Recycled art helps feed homeless

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Robots, sharks and bugs that shoot out lawn clippings greet visitors from Alexi Devilliers’ front lawn in Tempe.

Devilliers makes the creatures out of recycled tin cans and other materials. He sells his art at First Fridays on Roosevelt Row in Phoenix as well as at Method Art Gallery in Scottsdale.

Instead of pocketing the profits, he uses them to purchase ingredients for meals he then donates to people who are homeless.

Every Saturday for the past four years, Devilliers has awakened at 4 a.m. to begin cooking about 100 meals.

He works closely with Justa Center, a day-resource center in Phoenix for men and women ages 55 and older. It helps clients find housing, employment and medical assistance.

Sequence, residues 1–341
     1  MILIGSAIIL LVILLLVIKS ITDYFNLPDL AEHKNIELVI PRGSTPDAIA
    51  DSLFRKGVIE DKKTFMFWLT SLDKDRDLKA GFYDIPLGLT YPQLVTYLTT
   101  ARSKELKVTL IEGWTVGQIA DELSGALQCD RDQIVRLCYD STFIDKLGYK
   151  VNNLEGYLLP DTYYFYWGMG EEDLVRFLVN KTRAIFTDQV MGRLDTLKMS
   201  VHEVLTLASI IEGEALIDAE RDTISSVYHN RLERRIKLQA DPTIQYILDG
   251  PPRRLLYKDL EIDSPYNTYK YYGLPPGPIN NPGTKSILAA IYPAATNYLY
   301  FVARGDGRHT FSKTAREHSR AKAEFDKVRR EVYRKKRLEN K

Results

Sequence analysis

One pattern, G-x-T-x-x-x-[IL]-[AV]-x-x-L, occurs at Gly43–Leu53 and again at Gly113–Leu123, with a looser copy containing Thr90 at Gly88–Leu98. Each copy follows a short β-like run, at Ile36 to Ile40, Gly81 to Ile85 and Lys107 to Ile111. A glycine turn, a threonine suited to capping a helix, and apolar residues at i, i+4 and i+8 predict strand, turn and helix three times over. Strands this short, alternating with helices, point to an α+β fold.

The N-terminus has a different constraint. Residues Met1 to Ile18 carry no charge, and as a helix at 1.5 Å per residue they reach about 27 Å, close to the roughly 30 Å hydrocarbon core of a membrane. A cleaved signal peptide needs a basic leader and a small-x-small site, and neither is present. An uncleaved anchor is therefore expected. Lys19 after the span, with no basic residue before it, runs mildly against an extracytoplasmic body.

Once Devilliers’ finishes cooking and boxing the meals, he loads them into his van and delivers them to the center. The center then distributes the meals to individuals for lunch.

His efforts began when Devilliers had some extra money and decided to help people in the community, he said.

Devilliers and wife Denise began cooking meals and donating to individuals in the community. He saved the tin cans from the food.

“They go into landfills, so I was like, man, let me see what I can do with these,” he said.

After awhile, he stuck two cans together and saw the potential, he said.

He has created dogs and a saw fish made out of a working tree trimmer. He has even used Barbie heads to make bionic robots.

An average robot takes three to six hours to complete, which includes the time spent scavenging for parts — sometimes at Goodwill, sometimes in dumpsters.

“Anything I can use, I use. Someone will buy it eventually,” he laughed.

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